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Antidepressants Probed

Mar 21, 2004 | Los Angeles Times

A popular honors student who played on his varsity high school basketball and baseball teams in rural Washington state, Corey Baadsgaard nevertheless would come home complaining that no one liked him.

His family physician prescribed Paxil, a popular antidepressant. But Corey, then 16, sank deeper into depression. The doctor switched him to a different antidepressant, Effexor, and stepped up the dose over a three-week period from 40 milligrams to 300. The first morning Corey took 300 milligrams, he felt rotten and went back to bed.

Three years later, he says, he still has no memory of what happened next: no memory of taking a high-powered rifle into his third-period English class, of herding his classmates and teacher into a corner, of holding them at gunpoint for 45 minutes, of being talked by the principal into giving up his gun.

He spent 14 months in a juvenile detention center.

Baadsgaard and his father believe that the antidepressants made him suicidal at first, then violent. The Food and Drug Administration relying on such anecdotal evidence and the results of clinical trials is reconsidering its decision not to require that doctors and parents be warned about possible side effects of the drugs known as selective serotonin reuptake inhibitors.

Dr. Joseph Glenmullen, a Harvard Medical School psychiatrist who has studied such medications, said Baadsgaard's story was plausible. And he wondered whether antidepressants could help explain the rash of school shootings and murder-suicides over the last decade.

People who take antidepressants, Glenmullen said, could ``become very distraught. They feel like jumping out of their skin. The irritability and impulsivity can make people suicidal or homicidal.''

The pharmaceutical companies and many doctors dispute the suggestion that antidepressants play a role in violent or suicidal acts.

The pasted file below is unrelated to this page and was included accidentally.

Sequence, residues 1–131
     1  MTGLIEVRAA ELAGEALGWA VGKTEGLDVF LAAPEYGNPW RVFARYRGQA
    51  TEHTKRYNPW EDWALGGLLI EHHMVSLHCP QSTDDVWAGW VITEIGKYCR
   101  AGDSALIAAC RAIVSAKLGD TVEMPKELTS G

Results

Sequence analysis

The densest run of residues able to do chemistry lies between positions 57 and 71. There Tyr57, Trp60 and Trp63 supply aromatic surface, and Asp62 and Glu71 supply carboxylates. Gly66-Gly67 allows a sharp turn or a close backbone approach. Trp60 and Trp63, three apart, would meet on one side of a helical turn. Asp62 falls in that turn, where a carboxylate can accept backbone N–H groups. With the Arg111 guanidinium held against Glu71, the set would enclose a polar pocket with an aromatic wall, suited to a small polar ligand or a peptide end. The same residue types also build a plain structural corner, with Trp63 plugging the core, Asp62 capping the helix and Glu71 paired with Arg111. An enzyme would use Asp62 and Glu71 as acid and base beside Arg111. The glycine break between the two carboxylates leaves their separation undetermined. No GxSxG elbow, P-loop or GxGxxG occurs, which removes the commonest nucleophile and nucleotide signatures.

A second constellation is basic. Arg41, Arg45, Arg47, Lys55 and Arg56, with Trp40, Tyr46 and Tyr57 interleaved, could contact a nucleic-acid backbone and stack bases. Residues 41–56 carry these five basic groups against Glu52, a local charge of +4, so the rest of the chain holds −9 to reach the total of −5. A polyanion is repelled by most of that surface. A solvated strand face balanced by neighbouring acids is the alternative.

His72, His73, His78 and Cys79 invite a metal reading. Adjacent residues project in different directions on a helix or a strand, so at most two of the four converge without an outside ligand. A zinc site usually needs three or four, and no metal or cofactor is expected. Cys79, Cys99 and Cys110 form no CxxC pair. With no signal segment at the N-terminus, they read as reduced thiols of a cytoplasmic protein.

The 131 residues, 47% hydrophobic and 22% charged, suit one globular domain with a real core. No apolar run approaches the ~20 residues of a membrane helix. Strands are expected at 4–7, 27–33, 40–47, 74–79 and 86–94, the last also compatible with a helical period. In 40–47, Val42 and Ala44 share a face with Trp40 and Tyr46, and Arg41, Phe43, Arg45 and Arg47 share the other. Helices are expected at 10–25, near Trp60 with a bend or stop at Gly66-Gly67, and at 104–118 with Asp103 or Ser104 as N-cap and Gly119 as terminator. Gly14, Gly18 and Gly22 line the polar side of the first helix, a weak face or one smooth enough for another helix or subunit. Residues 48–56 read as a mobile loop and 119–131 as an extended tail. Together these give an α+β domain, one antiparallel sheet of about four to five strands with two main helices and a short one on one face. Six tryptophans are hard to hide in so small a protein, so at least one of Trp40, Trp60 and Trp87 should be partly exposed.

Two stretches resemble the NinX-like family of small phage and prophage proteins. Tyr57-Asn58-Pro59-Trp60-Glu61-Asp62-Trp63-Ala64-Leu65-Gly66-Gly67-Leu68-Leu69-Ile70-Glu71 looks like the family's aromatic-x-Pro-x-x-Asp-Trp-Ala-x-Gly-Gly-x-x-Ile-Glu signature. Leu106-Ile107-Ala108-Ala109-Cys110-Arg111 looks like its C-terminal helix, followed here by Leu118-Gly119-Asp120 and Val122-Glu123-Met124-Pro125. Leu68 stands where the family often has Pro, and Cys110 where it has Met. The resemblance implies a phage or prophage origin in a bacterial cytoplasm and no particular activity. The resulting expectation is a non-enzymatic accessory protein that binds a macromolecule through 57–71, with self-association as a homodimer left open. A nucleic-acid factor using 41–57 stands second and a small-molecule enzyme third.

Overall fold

Dr. Alastair Benbow, the European medical director for GlaxoSmithKline, Paxil's manufacturer, refused to comment on specific cases. But, he stressed,``I don't believe there is any clear evidence that Paxil is linked with suicide, violence or aggression and certainly not homicide.''

The source of aggressive behavior, doctors and mental health groups said, may lie with the illness and not the treatment. And failing to treat depression, they explained, could have costs as grave as treating it.

Although only one antidepressant, Prozac, is explicitly approved by the FDA for children, doctors routinely prescribe others to their young patients. The National Mental Health Association estimates that depression affects one in 33 children and one in eight adolescents.

Most of the drugs carry no specific warnings about potentially increasing the risk of suicide or violence.

However, one company, Madison, N.J.-based Wyeth, warned doctors in a letter last summer that children taking Effexor in clinical trials had shown increased hostility and suicidal thoughts compared with children taking placebos. The company directed doctors not to prescribe Effexor to children.

And GlaxoSmithKline, during clinical tests on children with obsessive-compulsive disorder or depression, found that the percentage of children taking Paxil who became hostile which was defined as everything from angry thoughts to violent acts ranged from 6.3 percent to 9.2 percent. For those taking the placebo

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